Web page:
Adobe has demonstrated Lightroom running on an iPad during an internet show, called The Grid, with full RAW processing power.
Mobile devices are becoming more important in people’s lives than full-sized desktops. Most analysts are predicting that tablet shipments will overcome smartphones sales sometime in the next ten years and companies are looking to seize this opportunity.
Adobe edits RAW file using Lightroom for iPad during online photography show
One of the companies which are very serious about mobile platforms is Adobe. During an online show the company has showed its Lightroom software running on an iOS device, the iPad 2.
An Adobe Photoshop version is available on iOS devices. However, it cannot process RAW files. Things will be very differently from now on, as Lightroom is coming to the iPad and photographers will be allowed to edit and organize their photos on the go.
High-resolution RAW photo was taken with a Canon 5D Mark III
The demonstration comes from Tom Hogarty, the Group Product Manager at Adobe. He showed Scott Kelby, the host of The Grid and a very popular photographer, how to process a RAW image taken with a Canon 5D Mark III on an iPad.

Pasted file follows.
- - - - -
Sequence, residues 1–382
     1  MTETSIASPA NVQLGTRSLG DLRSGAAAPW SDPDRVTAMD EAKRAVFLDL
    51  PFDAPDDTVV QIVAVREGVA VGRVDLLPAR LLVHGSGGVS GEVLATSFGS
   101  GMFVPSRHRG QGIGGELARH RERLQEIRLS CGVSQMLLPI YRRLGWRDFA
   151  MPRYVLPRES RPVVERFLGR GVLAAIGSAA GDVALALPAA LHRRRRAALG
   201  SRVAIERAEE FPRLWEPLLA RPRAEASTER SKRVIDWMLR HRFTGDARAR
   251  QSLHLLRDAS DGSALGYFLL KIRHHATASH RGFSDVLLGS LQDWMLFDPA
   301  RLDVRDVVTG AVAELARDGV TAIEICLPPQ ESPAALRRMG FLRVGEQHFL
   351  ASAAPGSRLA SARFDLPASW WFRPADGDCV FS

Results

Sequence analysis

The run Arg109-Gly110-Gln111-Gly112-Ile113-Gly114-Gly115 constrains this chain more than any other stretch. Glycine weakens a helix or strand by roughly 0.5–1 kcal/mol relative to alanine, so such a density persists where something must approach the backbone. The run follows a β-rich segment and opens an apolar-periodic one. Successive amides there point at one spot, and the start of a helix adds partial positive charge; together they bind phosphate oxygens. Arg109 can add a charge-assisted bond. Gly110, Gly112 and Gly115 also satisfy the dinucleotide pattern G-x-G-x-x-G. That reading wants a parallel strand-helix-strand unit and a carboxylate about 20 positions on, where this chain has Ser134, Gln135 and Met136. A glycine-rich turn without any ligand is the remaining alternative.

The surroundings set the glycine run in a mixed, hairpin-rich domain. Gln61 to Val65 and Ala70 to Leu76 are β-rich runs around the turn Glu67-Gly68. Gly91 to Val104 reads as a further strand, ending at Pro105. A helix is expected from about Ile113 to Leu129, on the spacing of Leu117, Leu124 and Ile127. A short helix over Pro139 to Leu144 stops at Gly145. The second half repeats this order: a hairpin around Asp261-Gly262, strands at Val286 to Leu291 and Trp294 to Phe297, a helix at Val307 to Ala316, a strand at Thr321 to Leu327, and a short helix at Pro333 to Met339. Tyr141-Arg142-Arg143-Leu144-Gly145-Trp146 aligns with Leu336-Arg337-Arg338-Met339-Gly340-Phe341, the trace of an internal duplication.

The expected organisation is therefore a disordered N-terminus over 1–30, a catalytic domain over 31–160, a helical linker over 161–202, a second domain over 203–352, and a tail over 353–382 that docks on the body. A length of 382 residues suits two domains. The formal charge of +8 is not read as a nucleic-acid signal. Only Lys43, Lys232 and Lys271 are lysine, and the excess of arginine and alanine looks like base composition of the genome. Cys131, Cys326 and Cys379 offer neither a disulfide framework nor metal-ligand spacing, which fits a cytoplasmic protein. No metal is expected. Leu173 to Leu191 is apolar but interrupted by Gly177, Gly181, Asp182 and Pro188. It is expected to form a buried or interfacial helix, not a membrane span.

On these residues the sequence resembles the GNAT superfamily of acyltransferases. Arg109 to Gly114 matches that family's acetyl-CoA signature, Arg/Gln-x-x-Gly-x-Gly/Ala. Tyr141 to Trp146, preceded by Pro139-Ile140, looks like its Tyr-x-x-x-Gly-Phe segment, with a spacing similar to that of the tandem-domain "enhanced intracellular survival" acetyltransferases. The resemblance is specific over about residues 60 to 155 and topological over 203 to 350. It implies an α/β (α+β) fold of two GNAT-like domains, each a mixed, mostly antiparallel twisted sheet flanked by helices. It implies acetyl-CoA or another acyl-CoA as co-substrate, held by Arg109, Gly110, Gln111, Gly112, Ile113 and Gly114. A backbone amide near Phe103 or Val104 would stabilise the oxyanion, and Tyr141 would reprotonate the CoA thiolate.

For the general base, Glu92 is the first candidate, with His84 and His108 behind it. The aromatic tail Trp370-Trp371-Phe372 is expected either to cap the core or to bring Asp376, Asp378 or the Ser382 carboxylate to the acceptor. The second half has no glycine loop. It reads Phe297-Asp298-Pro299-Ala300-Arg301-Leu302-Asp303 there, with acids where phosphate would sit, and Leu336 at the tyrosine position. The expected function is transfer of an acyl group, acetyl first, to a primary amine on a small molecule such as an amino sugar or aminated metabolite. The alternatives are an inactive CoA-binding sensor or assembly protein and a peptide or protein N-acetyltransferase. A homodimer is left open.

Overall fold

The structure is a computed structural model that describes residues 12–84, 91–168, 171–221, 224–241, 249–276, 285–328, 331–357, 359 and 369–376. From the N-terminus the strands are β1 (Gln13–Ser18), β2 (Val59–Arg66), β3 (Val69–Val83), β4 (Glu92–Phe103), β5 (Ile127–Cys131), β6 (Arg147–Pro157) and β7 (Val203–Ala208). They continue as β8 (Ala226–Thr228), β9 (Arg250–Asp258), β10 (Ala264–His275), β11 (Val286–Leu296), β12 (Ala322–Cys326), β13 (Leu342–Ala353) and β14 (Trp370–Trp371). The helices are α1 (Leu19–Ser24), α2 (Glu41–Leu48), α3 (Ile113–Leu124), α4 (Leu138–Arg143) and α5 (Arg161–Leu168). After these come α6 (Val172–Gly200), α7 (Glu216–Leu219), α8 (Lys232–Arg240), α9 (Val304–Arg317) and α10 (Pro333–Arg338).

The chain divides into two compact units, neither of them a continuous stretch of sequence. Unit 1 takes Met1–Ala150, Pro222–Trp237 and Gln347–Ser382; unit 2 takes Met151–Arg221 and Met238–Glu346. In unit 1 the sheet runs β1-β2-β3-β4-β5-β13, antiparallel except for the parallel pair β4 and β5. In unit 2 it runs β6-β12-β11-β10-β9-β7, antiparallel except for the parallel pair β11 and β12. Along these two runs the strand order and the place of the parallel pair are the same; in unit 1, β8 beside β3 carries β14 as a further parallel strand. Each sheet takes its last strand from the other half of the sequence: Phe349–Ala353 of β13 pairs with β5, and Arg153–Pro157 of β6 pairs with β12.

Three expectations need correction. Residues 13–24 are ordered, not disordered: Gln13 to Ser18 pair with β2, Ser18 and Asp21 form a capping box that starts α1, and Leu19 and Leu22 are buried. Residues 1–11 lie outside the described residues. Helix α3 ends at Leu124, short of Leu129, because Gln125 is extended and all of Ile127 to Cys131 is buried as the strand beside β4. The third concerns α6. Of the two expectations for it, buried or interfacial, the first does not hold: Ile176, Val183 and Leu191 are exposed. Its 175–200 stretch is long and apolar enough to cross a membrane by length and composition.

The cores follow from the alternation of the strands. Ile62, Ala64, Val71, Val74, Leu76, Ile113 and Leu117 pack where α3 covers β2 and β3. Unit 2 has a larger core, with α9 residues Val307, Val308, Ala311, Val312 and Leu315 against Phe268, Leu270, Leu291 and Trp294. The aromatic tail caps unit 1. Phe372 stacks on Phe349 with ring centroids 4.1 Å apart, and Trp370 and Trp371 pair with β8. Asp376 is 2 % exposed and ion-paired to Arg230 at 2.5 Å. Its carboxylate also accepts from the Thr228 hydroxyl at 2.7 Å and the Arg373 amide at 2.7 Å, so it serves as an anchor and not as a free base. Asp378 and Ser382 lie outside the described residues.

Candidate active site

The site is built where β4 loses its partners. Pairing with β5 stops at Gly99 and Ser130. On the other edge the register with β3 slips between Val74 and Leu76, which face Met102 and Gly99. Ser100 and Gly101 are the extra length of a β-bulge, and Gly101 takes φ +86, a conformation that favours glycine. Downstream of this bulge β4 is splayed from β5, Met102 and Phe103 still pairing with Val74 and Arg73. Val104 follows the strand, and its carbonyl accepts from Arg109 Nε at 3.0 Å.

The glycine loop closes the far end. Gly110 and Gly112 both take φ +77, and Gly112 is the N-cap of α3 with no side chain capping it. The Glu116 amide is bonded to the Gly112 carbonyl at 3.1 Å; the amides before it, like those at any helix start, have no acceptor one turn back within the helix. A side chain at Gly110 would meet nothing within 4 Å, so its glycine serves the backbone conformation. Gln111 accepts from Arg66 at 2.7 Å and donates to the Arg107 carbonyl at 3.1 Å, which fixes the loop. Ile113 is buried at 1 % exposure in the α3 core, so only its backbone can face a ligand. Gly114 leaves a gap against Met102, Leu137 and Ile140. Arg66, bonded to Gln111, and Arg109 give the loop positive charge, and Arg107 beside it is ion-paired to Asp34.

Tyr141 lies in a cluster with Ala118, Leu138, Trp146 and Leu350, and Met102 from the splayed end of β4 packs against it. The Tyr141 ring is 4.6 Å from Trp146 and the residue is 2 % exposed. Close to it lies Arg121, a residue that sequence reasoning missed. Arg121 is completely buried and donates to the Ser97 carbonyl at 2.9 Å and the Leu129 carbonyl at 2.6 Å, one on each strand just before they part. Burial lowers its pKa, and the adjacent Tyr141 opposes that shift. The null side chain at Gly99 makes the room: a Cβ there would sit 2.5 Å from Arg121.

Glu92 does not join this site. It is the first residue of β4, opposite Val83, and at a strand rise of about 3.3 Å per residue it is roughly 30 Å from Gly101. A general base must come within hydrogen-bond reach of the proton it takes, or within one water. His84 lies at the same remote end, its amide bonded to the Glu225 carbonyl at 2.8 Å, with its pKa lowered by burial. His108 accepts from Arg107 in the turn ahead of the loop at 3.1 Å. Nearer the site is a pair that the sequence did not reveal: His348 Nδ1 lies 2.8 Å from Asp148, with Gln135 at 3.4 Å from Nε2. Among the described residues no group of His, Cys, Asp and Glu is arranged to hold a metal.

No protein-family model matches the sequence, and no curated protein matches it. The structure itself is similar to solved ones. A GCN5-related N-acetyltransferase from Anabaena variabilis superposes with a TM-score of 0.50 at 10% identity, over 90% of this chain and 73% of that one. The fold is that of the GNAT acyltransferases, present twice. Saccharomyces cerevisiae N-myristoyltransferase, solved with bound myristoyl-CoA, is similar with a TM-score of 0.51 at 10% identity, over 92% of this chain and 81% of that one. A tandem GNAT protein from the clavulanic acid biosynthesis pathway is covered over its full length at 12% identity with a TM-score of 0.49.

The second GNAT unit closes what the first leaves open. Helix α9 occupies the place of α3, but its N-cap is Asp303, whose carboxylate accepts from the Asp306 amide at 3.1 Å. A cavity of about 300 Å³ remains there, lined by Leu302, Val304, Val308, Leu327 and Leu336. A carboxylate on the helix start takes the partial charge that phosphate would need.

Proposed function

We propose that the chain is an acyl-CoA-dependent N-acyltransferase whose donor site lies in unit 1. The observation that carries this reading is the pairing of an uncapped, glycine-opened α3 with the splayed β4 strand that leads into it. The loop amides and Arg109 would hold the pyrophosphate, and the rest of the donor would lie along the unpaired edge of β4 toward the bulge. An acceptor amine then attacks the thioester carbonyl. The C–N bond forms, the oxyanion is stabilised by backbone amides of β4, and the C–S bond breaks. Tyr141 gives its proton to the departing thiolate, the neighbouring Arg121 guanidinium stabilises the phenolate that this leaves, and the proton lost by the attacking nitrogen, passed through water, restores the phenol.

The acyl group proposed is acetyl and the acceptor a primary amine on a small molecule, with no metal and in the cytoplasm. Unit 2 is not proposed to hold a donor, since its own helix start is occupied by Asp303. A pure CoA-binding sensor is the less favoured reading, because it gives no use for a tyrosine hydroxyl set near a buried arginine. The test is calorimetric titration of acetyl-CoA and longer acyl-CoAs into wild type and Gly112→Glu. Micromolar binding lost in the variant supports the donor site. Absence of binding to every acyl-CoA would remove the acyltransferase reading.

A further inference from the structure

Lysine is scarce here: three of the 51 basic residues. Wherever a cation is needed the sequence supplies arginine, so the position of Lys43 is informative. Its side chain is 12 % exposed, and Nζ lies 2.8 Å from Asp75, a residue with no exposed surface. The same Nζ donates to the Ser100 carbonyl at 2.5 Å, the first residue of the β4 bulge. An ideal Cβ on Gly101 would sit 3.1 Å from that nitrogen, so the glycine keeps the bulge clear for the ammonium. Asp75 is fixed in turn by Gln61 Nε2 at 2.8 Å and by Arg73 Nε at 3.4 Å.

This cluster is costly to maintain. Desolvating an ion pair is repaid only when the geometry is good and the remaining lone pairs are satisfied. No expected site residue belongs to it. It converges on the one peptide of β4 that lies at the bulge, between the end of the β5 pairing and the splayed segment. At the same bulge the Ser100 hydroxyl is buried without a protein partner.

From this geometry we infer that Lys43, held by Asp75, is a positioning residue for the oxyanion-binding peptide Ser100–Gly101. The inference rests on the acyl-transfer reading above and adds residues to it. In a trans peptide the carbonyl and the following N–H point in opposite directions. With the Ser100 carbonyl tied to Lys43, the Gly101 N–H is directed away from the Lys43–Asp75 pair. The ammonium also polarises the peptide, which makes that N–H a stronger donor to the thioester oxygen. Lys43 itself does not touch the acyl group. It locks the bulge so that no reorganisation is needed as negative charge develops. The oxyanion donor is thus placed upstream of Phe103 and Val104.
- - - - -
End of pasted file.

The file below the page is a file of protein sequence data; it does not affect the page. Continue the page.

Hogarty edited the shadows, color temperature, and the highlights. He even managed to fully zoom in the photo. All these actions require a lot of processing power, but it is worth mentioning that Lightroom on iPad looks like a stripped down version with a questionable user interface.
Adobe’s Group Product Manager added that some settings will require more power than others, meaning that some of them might “make the iPad explode”.
Creative Cloud subscription may be required
Tom Hogarty said that Lightroom on iPad is connected to Lightroom on PC through the cloud. The collections can be syncronized, thus allowing users to edit RAW photos.
It is believed that Lightroom for iPad will be a part of Adobe’s Creative Cloud services, which cost $49.99 per month. This would mean that the application itself will be free, but it will require a paid subscription as well as owning the full program on your Windows or desktop PC.
Adobe’s Hogarty has mentioned that this is just the beginning and that we are going to hear more about the technology in the near future.